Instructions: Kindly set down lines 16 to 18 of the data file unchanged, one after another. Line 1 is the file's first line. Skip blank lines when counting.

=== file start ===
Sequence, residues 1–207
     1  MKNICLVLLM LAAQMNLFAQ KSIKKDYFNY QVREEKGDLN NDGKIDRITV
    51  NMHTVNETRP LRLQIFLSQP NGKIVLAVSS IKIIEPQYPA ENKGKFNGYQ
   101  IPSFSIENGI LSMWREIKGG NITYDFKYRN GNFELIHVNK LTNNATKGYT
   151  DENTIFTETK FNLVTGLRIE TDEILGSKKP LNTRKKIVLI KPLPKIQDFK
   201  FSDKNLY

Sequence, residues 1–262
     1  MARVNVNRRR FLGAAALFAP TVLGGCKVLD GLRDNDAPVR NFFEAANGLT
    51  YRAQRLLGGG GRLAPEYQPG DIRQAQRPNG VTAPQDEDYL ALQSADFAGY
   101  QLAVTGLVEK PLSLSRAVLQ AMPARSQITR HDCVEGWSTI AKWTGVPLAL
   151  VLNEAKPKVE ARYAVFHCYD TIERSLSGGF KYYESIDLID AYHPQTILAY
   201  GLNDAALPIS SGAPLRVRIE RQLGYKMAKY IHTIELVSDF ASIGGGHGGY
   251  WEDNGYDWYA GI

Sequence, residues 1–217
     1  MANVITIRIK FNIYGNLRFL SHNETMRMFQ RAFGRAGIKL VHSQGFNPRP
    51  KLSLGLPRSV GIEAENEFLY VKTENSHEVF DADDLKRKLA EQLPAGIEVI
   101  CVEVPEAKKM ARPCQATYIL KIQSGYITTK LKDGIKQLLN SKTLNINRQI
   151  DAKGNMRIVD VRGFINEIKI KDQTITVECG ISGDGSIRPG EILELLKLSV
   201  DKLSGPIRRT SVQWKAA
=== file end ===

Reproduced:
    51  KLSLGLPRSV GIEAENEFLY VKTENSHEVF DADDLKRKLA EQLPAGIEVI
   101  CVEVPEAKKM ARPCQATYIL KIQSGYITTK LKDGIKQLLN SKTLNINRQI
   151  DAKGNMRIVD VRGFINEIKI KDQTITVECG ISGDGSIRPG EILELLKLSV